One NFL analyst worries about Fitzpatrick's high-risk style


Over his 16-year NFL career, Ryan Fitzpatrick has established a reputation of being one of the biggest risk-taking quarterbacks in the sport. His high-risk, high-reward style has led to, naturally, some streaky play over his career and prevented him from finding stability with one franchise.

Speaking on the Sports Junkies on Monday, former NFL quarterback Brady Quinn said he was unsure if Fitzpatrick, now with Washington, will be able to move away from his risk-taking style for the betterment of the team.

"For Fitzpatrick, my concern is you've got a great defense. You've got some weapons. You've got a good offensive line. He doesn't need to press or push or anything else," said Quinn, who works as an analyst for FOX on college and NFL broadcasts. "Turnovers have been an issue, so it will be interesting to see if that becomes an issue when it doesn't need to be," Quinn said.

"There could be a lot of low-scoring games because their defense is so good. Can he take care of the ball and manage it? That's going to be the biggest challenge for him in that regard."

When the Washington Football Team signed Fitzpatrick in free agency in March, part of the thinking was at the very least, he should be a significant upgrade over the four passers -- Dwayne Haskins, Alex Smith, Kyle Allen and Taylor Heinicke -- the club started last year.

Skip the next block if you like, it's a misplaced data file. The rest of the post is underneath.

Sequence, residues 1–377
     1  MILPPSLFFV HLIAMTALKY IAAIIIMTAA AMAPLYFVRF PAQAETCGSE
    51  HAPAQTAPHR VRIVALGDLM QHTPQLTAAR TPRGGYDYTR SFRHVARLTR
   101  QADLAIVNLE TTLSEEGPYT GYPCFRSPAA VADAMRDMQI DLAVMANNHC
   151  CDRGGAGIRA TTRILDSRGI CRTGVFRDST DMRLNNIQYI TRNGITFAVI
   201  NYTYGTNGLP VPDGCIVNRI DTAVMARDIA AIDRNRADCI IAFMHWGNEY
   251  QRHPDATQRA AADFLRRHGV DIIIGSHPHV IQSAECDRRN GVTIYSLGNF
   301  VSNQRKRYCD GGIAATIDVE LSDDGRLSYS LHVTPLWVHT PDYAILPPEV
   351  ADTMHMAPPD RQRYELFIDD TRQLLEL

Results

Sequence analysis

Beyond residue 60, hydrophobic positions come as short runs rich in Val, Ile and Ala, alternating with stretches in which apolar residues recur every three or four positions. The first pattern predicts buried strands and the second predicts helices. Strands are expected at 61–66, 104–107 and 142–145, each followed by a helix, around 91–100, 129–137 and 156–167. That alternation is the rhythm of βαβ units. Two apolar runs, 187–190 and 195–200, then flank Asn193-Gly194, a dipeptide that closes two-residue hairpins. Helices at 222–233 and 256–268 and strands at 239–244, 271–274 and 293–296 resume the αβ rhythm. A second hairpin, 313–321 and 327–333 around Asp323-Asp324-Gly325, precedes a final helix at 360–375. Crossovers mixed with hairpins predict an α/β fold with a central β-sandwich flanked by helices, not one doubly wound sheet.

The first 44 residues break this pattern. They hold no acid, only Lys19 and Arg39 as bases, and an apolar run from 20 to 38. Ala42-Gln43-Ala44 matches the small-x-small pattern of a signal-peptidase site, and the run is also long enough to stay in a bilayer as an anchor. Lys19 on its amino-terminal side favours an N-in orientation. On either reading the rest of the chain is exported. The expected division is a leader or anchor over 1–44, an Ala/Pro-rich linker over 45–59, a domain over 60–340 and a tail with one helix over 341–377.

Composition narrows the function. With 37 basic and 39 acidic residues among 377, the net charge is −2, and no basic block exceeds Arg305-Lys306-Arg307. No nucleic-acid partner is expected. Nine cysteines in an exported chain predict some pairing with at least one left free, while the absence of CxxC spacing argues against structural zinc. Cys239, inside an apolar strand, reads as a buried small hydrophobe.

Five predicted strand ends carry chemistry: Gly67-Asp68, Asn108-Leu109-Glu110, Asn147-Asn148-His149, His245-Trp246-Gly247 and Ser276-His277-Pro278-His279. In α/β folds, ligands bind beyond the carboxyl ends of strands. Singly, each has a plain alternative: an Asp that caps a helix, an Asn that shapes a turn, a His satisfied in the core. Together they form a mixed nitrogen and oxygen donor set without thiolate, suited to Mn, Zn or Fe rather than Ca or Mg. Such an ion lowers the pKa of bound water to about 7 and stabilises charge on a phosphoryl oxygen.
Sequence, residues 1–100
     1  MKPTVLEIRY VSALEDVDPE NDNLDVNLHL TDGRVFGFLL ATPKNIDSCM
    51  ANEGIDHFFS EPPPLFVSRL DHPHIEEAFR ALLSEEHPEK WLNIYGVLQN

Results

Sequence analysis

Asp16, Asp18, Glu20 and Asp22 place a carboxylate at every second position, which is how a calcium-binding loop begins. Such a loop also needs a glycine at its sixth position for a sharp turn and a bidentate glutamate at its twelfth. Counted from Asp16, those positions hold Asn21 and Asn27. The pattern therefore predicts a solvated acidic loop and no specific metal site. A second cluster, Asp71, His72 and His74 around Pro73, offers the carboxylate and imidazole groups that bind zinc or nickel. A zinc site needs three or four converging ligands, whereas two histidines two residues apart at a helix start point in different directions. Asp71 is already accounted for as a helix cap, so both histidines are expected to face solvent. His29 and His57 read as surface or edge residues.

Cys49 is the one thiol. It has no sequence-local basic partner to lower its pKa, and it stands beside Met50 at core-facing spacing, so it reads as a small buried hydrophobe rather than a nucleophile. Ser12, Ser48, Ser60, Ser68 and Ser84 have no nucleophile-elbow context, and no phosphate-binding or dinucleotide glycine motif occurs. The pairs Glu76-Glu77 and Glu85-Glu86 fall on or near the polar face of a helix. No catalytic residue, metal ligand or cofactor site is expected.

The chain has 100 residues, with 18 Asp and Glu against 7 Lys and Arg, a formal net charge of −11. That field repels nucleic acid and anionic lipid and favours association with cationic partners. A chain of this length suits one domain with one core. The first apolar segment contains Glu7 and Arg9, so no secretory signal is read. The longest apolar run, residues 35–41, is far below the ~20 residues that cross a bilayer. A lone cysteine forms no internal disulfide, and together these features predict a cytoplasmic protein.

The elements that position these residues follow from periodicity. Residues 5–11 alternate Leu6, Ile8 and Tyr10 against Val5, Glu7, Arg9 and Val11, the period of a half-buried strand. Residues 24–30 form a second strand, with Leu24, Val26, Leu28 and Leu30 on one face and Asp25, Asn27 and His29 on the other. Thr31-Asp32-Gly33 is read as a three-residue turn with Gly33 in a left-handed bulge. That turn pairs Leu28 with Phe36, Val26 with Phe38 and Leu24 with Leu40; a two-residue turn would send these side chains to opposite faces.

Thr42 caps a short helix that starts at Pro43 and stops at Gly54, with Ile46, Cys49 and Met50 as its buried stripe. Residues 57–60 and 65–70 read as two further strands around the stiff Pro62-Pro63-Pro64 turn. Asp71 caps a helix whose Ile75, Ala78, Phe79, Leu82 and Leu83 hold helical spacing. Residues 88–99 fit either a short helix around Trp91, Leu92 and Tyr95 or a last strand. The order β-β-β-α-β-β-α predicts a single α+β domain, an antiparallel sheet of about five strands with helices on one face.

Although Fitzpatrick is 38 years old, the veteran has played some of the best football of his career the past two seasons with the Dolphins. That's why many are optimistic about what the former Harvard star can bring to the Burgundy and Gold this fall. With better play at the sport's most important position, it should allow the team to build off its 2020 NFC East crown.


Over his last 16 starts, Fitzpatrick has thrown for nearly 4,500 yards on a 65% completion rate with 27 touchdowns and 13 interceptions. For comparison, Washington's quarterbacks, combined in their last 16 starts have thrown for just 16 touchdowns and 16 interceptions. Those numbers alone show that Washington's offense should be marginally better with Fitzpatrick under center.

For Quinn, though, taking a bird's eye view of Fitzpatrick's whole career is the better way to evaluate what he can potentially bring to Washington. And, as it's well-documented by now, Fitzpatrick has not been able to stick with any franchise for more than a couple of seasons.

"I think the toughest thing and the reason why Ryan has bounced around -- and he's played a long, long time -- and the reason being is because he's showcased the ability to put together games, and maybe even a season, where he can be the starter, he can be the guy," Quinn said. "But unfortunately, he hasn't done that consistently well enough to have any solidarity in any situation."

Quinn wasn't finished, either, saying that almost every quarterback that makes it to the NFL has the natural ability to be a franchise QB, but "they have to play consistently at that level often enough in order to remain the guy." 

Fitzpatrick simply hasn't done that, which is part of the reason why Washington will be his ninth NFL franchise.

But while Quinn isn't as high on Fitzpatrick's outlook in Washington as others, the former NFL QB thinks Washington should compete with the Cowboys for the NFL crown.

"Dallas is probably the favorite in that division," Quinn said. "I feel better about Washington as opposed to the Giants. ... I think Washington is right there behind Dallas."